Nease Votes are in—and the Results are Not the Same as the Rest of FL

By Alexander Brailsford

Although many students do not yet have the ability to legally vote, The Vertical’s mock election granted them the power to voice their preferences in this year’s midterm elections. Some pundits have labeled this year’s elections as the most important of our lifetimes, with many issues potentially arriving at the forefront of the political agenda as Democrats battle the Trump administration.

All eyes have been on Florida this year. Millions of dollars were given to campaigns from both in-state and out-of-state contributors. The current governor, Republican Rick Scott, faces term limits and has instead pursued the seat of Democrat Bill Nelson, who was up for reelection. To fill Governor Scott’s seat, Representative Ron DeSantis (who represented some Nease students prior to redistricting in 2017) veyed for the post with Tallahassee mayor Andrew Gillum, who aimed to become the state’s first African-American governor.

An illustration of the polarization of today’s political field, DeSantis represents the fiery fervor of President Trump and his followers, whereas Gillum–endorsed by Senator Bernie Sanders of Vermont and former President Barack Obama–possesses values of near-socialism and the farther left. Many political scientists have labeled Florida as a “report card” from the American people for President Trump’s first two years.

115 Nease students cast votes in The Vertical’s mock election, posted online at our website. The results are fairly surprising considering that more than half of St. Johns County’s registered voters are Republicans. Nease voters selected three Democrats for the governor’s, senator’s, and representative’s seats, whereas, in reality, Floridians elected all three opposing Republicans. This disparity may result from largely only liberals voting in this mock election (thus provoking an interesting point about the power of political apathy).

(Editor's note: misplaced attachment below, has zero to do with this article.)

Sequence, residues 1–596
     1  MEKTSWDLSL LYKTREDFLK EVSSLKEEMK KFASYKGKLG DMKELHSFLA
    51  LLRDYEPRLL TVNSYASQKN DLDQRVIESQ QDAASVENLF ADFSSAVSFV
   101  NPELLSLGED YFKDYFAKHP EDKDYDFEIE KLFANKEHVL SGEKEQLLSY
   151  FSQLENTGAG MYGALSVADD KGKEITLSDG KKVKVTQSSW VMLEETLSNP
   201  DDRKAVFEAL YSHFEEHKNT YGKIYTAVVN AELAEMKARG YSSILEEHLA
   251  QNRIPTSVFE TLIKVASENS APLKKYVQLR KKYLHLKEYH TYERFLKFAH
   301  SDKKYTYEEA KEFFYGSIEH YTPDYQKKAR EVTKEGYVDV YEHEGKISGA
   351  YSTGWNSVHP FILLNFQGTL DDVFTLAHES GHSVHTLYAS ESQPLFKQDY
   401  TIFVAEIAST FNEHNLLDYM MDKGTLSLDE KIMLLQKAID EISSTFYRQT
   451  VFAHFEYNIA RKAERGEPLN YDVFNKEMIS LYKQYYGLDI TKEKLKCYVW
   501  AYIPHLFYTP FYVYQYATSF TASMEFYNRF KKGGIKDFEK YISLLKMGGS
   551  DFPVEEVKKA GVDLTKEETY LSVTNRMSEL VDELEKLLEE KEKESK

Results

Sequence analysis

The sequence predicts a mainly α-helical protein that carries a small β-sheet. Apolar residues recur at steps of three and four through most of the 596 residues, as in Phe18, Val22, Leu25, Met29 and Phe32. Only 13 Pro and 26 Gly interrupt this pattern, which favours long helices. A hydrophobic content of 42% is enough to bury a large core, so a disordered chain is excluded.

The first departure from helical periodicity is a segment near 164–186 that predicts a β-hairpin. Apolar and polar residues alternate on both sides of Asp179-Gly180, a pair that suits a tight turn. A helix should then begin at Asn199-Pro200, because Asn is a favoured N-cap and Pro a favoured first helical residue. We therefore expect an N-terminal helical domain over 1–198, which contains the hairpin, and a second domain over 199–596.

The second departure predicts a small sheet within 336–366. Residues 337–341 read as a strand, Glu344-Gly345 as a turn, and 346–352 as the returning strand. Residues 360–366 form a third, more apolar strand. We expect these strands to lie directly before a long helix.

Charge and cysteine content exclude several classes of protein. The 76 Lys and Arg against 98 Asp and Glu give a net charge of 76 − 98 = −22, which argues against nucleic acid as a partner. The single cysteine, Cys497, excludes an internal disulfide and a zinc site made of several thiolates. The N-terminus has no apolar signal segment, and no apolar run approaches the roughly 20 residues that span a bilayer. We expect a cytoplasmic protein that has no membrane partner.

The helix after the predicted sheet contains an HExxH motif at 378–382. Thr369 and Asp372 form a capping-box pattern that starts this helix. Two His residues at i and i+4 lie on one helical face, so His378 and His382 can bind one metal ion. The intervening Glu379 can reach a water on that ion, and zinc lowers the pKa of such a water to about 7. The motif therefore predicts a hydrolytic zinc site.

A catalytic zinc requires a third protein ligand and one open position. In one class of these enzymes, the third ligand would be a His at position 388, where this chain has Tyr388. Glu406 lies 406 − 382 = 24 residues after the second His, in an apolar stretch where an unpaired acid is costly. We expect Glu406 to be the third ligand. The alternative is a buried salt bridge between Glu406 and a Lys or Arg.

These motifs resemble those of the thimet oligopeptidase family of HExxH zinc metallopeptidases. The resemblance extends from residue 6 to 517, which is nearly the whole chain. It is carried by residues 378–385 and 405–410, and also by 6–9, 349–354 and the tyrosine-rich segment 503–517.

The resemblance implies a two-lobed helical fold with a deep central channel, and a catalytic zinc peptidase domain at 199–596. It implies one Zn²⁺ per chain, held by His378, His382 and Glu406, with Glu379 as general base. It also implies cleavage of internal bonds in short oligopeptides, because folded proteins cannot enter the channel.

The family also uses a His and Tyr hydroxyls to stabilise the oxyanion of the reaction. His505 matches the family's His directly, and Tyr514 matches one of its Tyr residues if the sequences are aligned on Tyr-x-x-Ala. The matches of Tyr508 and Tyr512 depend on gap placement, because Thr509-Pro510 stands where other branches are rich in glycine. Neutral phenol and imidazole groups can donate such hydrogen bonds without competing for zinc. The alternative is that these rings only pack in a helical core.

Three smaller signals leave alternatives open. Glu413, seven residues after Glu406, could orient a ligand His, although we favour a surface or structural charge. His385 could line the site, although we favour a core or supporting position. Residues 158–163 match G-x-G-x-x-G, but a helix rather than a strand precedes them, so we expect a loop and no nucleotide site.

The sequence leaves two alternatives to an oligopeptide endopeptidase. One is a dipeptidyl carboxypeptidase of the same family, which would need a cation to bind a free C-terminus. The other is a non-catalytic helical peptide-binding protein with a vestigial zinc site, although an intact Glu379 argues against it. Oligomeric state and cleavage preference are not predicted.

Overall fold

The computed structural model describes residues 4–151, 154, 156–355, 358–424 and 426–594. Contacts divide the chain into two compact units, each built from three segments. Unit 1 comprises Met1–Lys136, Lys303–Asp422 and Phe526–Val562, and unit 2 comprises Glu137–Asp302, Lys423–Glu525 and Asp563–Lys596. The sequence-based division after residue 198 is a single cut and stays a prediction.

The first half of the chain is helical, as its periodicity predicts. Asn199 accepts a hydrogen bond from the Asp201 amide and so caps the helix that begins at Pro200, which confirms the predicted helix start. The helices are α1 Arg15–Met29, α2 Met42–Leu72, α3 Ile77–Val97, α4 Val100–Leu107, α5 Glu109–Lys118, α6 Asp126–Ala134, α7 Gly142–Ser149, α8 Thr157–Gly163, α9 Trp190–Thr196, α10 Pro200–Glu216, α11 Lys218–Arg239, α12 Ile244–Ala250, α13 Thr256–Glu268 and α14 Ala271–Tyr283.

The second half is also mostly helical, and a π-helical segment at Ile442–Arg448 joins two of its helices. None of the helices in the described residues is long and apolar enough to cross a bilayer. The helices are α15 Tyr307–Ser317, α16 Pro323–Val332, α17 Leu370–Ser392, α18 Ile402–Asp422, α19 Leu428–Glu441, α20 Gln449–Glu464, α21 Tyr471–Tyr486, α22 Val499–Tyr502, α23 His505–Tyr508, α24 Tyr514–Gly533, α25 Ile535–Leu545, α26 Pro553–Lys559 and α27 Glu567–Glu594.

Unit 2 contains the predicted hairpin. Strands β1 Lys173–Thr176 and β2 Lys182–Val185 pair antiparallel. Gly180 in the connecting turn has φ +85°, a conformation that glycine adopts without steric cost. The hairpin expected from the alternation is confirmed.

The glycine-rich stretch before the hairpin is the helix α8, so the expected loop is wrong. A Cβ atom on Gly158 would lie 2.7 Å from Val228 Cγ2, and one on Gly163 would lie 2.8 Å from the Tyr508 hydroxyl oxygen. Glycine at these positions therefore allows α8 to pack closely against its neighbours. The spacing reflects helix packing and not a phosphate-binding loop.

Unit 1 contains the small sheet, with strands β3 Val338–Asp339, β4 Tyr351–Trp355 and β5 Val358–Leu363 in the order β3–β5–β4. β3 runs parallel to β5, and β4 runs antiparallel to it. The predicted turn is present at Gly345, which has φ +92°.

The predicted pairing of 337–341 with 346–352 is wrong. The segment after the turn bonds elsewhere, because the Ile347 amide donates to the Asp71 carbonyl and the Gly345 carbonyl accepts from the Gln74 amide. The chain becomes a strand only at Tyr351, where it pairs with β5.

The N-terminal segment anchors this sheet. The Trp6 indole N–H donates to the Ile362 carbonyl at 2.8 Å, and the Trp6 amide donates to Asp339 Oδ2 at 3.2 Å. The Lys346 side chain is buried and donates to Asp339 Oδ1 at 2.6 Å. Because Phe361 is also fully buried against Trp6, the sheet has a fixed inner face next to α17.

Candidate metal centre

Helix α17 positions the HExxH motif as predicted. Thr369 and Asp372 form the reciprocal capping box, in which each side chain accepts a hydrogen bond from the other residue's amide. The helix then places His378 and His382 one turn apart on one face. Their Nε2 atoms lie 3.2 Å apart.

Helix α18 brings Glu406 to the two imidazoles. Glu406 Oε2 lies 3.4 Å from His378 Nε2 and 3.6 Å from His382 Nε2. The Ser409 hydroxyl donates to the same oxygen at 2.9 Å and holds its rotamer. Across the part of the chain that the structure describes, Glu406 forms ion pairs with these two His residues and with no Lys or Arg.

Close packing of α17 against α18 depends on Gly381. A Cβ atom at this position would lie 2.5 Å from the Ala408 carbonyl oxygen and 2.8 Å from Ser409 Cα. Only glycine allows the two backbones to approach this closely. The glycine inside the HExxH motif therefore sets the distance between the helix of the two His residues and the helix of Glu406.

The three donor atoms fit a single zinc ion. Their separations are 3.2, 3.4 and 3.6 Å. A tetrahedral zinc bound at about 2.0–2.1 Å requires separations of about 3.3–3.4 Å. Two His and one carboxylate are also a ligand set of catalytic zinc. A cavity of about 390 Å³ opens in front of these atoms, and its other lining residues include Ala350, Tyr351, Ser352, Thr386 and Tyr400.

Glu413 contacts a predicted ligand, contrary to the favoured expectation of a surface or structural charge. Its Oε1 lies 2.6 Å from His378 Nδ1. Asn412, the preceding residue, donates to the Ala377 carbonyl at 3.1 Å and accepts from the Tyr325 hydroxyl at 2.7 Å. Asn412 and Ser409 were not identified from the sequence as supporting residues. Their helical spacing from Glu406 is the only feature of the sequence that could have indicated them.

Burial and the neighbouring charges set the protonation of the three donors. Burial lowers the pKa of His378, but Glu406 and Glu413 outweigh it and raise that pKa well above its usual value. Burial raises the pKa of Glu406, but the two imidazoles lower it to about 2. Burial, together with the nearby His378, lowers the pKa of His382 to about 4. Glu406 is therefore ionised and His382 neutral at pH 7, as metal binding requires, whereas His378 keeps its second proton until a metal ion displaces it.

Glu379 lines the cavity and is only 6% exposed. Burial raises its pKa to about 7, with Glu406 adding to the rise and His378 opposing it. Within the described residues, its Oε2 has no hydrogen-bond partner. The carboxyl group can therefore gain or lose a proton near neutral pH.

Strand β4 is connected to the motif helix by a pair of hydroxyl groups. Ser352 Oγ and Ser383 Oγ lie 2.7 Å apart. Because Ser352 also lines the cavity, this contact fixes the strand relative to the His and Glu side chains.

As of two days after Election Day, both the senatorial and gubernatorial races technically remain up in the air. The margin of victory is so miniscule that a recount may be demanded, and the results may change.

An additional important note to add is that Florida encountered record turnout in most counties for a midterm election as the state faces important issues like Cuban and Mexican migration, refugee resettlement, gun control arising from the Parkland massacre, and the toxic red algae blooms.





(The New York Times)

Governor Andrew Gillum (D) – 67%

Ron DeSantis (R) – 32%

Darcy Richardson (Reform) – 1%

Ron DeSantis (R) – 49.6%

Andrew Gillum (D) – 49.2%

Darcy Richardson (Reform) – 0.6%

Senator Bill Nelson (D) – 60%

Rick Scott (R) – 40%

Rick Scott (R) – 50.1%

Bill Nelson (D) – 49.9%


(4th District)

Ges Selmont (D) – 51%

John Rutherford (R) – 35%

Joceline Berrios (I) – 9%

Jason Bulger (I) – 5%

John Rutherford (R) – 65.2%

Ges Selmont (D) – 32.3%

Joceline Berrios (I) – 1.9%

Jason Bulger (I) – 0.6%

Amendment 4 (Voting Restoration) YES – 81%

NO – 18%

YES – 64.5%

NO – 35.5%

Amendment 7 (First Responder/ Military Benefits; Public Colleges and Universities) YES – 87%

NO – 13%

YES – 65.8%

NO – 34.2%

Amendment 9 (Prohibits Offshore Oil and Gas Drilling; Prohibits Vaping in Enclosed Indoor Workplaces) YES – 78%

NO – 22%

YES – 68.9%

NO – 31.1%

Florida statistics from

Cover Photo Credit: